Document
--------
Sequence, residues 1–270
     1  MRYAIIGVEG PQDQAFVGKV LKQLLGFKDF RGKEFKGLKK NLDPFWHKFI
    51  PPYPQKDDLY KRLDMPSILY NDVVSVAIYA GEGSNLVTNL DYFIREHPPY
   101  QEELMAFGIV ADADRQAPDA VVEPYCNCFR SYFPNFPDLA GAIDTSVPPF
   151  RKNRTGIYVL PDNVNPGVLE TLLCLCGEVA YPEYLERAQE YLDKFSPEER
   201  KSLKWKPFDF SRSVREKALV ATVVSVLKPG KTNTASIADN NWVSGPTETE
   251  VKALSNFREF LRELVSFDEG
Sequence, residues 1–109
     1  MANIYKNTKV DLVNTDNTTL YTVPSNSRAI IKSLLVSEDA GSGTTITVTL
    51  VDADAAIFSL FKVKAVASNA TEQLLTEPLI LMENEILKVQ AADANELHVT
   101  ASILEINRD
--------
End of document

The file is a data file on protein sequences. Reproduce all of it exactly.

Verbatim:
Sequence, residues 1–270
     1  MRYAIIGVEG PQDQAFVGKV LKQLLGFKDF RGKEFKGLKK NLDPFWHKFI
    51  PPYPQKDDLY KRLDMPSILY NDVVSVAIYA GEGSNLVTNL DYFIREHPPY
   101  QEELMAFGIV ADADRQAPDA VVEPYCNCFR SYFPNFPDLA GAIDTSVPPF
   151  RKNRTGIYVL PDNVNPGVLE TLLCLCGEVA YPEYLERAQE YLDKFSPEER
   201  KSLKWKPFDF SRSVREKALV ATVVSVLKPG KTNTASIADN NWVSGPTETE
   251  VKALSNFREF LRELVSFDEG
Sequence, residues 1–109
     1  MANIYKNTKV DLVNTDNTTL YTVPSNSRAI IKSLLVSEDA GSGTTITVTL
    51  VDADAAIFSL FKVKAVASNA TEQLLTEPLI LMENEILKVQ AADANELHVT
   101  ASILEINRD